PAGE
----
Sunday, November 1, 2015

Welcome to Old Age

In the musical Avenue Q, there’s a moment when one of the characters bewails his having gotten old — 23. It’s meant to be heard as absurd. It is absurd. But I think I started pretending to regard myself as ancient at around 20 so others would say something like, “Don’t be silly. You’ve got your whole life ahead of you!”

It’s been around seven or eight decades since I heard that.

Paris, the last night of 2012. Spousie and I, along with other British merrymakers with whom we traveled down to ring in the new year, have been disgorged beneath the Arc d’ Triomphe. It’s around eight-thirty, and our tummies are rumbling. We decide that restaurants on the Champs d’Elysses are likely to be charging an arm and a leg, and another arm, and several toes, for dinner on this gala occasion, so we hop aboard the Metro, which is free tonight. The train is crowded. An attractive young woman of the sort I’d have eagerly tried to hit on mere months ago, in my 30s or even early 40s, offers me her seat. I am flabbergasted, and deeply embarrassed. “Do you not know, my dear, who I am?” I want to scold my lovely benefactress. “I am the John Mendelssohn, the noted rock dreamboat, the king, according to no less than Bud Scoppa, of Hollywood.” I keep my mouth shut. My embarrassment and flabbergastedness are of no interest to anyone.

Welcome to Old Age, Johnny.

On expired drivers licenses and other forms of photo ID, I see little portraits of myself that at the time made me wail with anguish. I looked so ancient, so very non-dreamboat! Now I’d cut off several toes to look as good.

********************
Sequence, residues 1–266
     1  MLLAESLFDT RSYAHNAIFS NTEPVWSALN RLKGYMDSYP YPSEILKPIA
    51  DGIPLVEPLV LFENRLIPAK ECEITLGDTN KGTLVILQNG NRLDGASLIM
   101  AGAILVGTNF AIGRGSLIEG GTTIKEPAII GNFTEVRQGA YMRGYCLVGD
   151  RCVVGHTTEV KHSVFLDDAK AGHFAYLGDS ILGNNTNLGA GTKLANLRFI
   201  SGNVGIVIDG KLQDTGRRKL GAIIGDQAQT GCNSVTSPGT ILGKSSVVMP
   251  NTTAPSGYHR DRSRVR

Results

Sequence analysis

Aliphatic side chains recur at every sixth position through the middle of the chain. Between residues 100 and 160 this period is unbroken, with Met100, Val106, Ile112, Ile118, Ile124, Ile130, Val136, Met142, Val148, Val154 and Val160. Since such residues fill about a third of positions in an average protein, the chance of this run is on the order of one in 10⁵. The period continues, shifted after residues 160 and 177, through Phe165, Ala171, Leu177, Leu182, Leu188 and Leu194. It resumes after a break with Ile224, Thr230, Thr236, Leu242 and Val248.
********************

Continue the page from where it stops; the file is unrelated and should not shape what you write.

In the mirror in my bathroom in Los Angeles, I didn’t fail to see the accelerating decrepitude of my once-gorgeous punim, noting with horror that, for instance, my lovely cheeks, once covered by the lip-prints of the nubile, have begun to cave in. In the bathroom mirror in Richmond, Surrey, UK, I am horrified to realize that its Los Angeles counterpart revealed only a fraction of the actual carnage. 

I'm on the left, Andrew.
I show a new UK collaborator a photograph of the second of the bands with which I performed in my rock dreamboat days. He is unable to discern which of the four depicted dreamboats I was. 

In March, I had my right shoulder re-replaced. (It had originally been replaced in 1995, when the arthritis got so bad that I could barely walk (one moves his arm while walking) without pain.) In May, intent on maintaining my boyish figure — and, indeed, on regaining the upper-body muscularity that made me so irresistible in my latter rock dreamboat days, after I realized that working out was probably a better idea than drinking, smoking, and fornicating with gullible girlies who imagined that I…was somebody. Everything went just fine until I got myself a case of bicep tendonitis so severe that I could barely walk without wincing every couple of steps. And did I mention that I’m now deformed and asymmetrical, my re-replaced shoulder being about half the circumference of the other one?

Last night on the bus, a trio of brats on the bus were becoming shriller and shriller. At one point the old man next to whom I was seated seemed able to endure no more, and turned reproachfully toward me, demanding to know if one of the brats were my grandson. Not my son. My grandson. And he himself was probably my kid sister’s age. 

I console myself with the knowledge of my increased knowledge, the wisdom that the decades have conferred at so high a cost.


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